Schizophrenia has a population incidence of 1%, but it is the 9th leading cause of disability worldwide. Individuals with schizophrenia display a broad range of cognitive deficits that have been identified as major determinants of poor daily functioning and disability, thus representing a serious public health concern. Current pharmacological and cognitive remediation treatments offer limited to modest efficacy in improving these deficits. However, data from animal and human research strongly support the positive influence of Aerobic Exercise (AE) on cognitive functioning. As individuals with schizophrenia typically display cognitive deficits along with a highly sedentary lifestyle, and preliminary evidence suggest that AE training is both feasible and effective in increasing aerobic fitness in this population, it is reasonable to hypothesize that AE may also improve cognitive functioning. However, this association has hardly been investigated in schizophrenia. To elucidate this putative link, we propose to evaluate the influence of AE on cognitive functioning in schizophrenia using a single-blind, randomized clinical trial. Outpatient individuals with schizophrenia (n=48) receiving treatment at a large academic medical center in New York City will be randomly assigned to Aerobic Exercise (AE) training or Treatment As Usual (TAU). Participants in the AE training will undergo a 12-week, 3 times per week, 1-hour AE sessions at the medical center. All patients will receive appropriate pharmacological and counseling treatment. Assessments of neurocognitive and daily functioning abilities, along with symptom severity, and physiological and behavioral measures of aerobic fitness will be completed before and after the 12-week program by raters blind to treatment status. This study will allow determining the putative positive influence of AE on cognitive and daily functioning in individuals with schizophrenia.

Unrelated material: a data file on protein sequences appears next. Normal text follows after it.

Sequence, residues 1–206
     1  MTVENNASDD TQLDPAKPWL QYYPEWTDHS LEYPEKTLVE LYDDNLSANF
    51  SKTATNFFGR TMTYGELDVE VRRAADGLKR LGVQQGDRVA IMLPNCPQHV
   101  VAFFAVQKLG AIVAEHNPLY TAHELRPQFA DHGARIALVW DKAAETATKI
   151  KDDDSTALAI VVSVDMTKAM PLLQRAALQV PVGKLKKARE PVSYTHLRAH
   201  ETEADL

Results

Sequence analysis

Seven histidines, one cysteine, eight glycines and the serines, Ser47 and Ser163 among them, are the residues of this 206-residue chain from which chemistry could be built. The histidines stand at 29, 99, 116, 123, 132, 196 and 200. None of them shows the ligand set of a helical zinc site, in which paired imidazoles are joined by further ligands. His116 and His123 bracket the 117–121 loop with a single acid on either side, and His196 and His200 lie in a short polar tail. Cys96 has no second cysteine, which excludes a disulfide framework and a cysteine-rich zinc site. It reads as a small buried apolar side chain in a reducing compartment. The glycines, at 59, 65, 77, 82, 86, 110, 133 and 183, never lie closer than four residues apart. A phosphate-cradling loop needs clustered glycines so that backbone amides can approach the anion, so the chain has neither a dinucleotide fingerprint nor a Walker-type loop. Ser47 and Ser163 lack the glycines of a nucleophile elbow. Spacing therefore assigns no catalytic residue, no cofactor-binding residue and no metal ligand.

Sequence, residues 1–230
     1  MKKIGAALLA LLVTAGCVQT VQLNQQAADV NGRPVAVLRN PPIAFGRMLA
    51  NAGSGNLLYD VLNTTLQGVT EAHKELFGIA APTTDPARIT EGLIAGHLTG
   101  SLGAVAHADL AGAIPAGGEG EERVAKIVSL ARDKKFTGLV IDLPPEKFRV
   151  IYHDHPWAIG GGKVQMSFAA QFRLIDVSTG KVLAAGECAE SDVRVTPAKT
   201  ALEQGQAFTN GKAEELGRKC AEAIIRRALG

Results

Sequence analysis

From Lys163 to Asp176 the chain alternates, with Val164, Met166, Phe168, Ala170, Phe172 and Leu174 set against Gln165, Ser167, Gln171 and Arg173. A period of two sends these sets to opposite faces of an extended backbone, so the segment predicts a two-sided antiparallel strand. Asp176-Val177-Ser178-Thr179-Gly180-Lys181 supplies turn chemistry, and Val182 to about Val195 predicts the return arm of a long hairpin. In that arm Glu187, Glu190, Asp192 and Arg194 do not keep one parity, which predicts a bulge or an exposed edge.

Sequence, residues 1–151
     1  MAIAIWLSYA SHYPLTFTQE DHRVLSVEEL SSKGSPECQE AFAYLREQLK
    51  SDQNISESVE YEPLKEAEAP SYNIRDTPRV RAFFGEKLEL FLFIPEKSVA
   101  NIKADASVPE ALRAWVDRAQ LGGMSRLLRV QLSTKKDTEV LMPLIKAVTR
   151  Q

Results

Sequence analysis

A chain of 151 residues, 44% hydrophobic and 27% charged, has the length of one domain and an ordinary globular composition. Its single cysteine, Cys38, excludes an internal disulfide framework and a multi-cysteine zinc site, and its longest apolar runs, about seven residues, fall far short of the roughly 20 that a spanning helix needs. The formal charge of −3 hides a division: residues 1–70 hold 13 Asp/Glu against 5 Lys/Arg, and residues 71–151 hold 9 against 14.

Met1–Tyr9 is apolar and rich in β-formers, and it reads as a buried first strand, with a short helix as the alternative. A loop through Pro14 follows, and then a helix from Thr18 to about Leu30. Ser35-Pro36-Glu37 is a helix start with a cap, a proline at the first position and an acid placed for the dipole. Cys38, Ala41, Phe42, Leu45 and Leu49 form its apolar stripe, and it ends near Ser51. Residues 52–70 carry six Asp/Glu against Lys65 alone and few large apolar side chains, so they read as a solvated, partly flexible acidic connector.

Public Health Relevance

Individuals with schizophrenia suffer from cognitive impairments that have been identified as major determinants of poor functioning and disability. Aerobic Exercises (AE) have been shown to improve cognition in healthy individuals, but their influence in schizophrenia have not been studied. Elucidating the link between AE and cognition in schizophrenia may lead to development of novel behavioral treatments targeting cognitive deficits in schizophrenia.

National Institute of Health (NIH)
National Institute of Mental Health (NIMH)
Exploratory/Developmental Grants (R21)
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Adult Psychopathology and Disorders of Aging Study Section (APDA)
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Morris, Sarah E
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Columbia University (N.Y.)
Schools of Medicine
New York
United States
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